What you need to know about European climate finance

Herders bring their livestock to be vaccinated in Siti Zone, Ethiopia, where the European Commission's Humanitarian Aid and Civil Protection Department funds resilience building activities to mitigate the impact of climate change in the area. The European Union is one of the biggest climate finance donors. Photo by: Malini Morzaria / EU / ECHO / CC BY-NC-ND

When it comes to helping poor nations cope with the effects of climate change, money is a central issue.

As the world’s largest climate finance donor, the European Union plays a pivotal role in shaping how the global community combats climate change. In 2014, the European Commission and the 28 European Union member states jointly provided 14.5 billion euros ($15.8 billion) worth of grants and loans for global climate action. Commitments from EU member states also make up almost two-thirds of all pledges so far signed by the United Nations Green Climate Fund.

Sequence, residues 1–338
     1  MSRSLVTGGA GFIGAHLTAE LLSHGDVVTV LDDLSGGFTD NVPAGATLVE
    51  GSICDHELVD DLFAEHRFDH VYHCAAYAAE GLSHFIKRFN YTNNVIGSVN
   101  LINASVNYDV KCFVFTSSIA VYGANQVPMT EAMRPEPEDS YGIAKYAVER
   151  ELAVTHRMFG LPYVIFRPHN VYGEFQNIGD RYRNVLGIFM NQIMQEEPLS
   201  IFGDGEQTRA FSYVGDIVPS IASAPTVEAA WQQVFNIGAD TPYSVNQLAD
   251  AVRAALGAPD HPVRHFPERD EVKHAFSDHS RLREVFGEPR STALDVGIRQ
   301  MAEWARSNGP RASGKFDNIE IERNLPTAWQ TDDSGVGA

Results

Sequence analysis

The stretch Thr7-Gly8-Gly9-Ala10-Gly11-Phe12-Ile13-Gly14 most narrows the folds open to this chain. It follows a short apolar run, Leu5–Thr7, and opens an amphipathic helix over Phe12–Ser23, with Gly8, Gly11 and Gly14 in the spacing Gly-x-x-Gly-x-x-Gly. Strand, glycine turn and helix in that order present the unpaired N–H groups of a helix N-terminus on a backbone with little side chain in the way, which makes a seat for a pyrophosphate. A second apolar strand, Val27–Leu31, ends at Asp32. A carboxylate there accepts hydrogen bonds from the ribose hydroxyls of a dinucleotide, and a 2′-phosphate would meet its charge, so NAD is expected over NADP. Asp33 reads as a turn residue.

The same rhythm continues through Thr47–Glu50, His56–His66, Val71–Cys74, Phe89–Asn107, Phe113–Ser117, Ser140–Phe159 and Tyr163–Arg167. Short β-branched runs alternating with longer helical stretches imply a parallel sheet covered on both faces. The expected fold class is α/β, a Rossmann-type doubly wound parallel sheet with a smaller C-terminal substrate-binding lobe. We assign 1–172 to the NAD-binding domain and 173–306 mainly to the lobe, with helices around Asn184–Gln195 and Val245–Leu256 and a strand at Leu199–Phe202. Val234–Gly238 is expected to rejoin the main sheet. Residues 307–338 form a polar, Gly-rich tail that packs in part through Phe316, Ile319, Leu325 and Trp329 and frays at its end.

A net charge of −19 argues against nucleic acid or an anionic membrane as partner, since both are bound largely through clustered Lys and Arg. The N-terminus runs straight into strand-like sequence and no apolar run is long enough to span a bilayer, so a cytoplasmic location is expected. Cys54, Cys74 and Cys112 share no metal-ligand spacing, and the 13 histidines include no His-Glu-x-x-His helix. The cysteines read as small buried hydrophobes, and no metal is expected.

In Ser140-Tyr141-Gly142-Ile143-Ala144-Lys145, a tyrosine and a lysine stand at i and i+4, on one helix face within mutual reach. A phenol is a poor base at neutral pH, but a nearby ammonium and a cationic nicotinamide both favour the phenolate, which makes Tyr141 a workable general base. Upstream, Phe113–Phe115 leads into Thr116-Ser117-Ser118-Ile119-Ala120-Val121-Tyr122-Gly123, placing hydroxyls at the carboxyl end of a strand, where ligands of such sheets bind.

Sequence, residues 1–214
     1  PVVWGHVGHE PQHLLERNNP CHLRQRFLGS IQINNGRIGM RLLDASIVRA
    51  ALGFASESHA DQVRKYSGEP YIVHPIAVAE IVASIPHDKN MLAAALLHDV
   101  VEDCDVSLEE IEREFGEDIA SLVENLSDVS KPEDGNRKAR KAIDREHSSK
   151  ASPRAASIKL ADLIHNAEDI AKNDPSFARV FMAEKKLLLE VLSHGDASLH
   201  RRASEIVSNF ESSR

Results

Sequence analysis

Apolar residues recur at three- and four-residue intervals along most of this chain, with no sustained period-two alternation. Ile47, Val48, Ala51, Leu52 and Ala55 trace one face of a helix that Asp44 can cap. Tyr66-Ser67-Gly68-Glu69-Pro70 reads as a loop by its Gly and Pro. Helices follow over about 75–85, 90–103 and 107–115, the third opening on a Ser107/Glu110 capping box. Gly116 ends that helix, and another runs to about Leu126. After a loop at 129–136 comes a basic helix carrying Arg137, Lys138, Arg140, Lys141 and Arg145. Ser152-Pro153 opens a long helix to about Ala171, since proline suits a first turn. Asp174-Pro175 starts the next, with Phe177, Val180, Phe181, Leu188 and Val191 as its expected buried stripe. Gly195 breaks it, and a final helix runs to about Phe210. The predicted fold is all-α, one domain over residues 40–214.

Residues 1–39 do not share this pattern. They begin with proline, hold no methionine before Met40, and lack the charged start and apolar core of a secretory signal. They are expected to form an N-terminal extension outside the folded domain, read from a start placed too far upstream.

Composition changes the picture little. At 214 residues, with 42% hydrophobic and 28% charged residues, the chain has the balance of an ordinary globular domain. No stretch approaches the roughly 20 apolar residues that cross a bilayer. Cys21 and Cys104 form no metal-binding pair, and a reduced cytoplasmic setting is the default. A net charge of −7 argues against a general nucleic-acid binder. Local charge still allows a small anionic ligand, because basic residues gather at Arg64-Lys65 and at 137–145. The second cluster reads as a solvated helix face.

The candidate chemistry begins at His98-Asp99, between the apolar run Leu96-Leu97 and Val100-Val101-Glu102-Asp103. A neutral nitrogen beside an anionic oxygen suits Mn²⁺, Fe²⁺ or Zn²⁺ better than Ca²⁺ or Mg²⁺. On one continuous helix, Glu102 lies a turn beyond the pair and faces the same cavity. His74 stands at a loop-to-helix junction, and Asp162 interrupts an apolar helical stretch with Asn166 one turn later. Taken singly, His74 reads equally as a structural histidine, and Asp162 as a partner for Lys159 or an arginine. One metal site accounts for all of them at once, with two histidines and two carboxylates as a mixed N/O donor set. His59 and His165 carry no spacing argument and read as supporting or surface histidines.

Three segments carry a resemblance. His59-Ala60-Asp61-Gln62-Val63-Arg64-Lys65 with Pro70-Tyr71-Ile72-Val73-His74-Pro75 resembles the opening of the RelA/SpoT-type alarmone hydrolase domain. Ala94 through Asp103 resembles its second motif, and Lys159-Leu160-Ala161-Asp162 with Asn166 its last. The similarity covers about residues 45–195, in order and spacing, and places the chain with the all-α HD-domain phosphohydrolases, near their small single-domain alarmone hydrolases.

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About the author

  • Devos manola

    Manola De Vos

    Manola De Vos is a development analyst for Devex. Based in Manila, she contributes to the Development Insider and Money Matters newsletters. Prior to joining Devex, Manola worked in conflict analysis and political affairs for the United Nations, International Crisis Group and the European Union.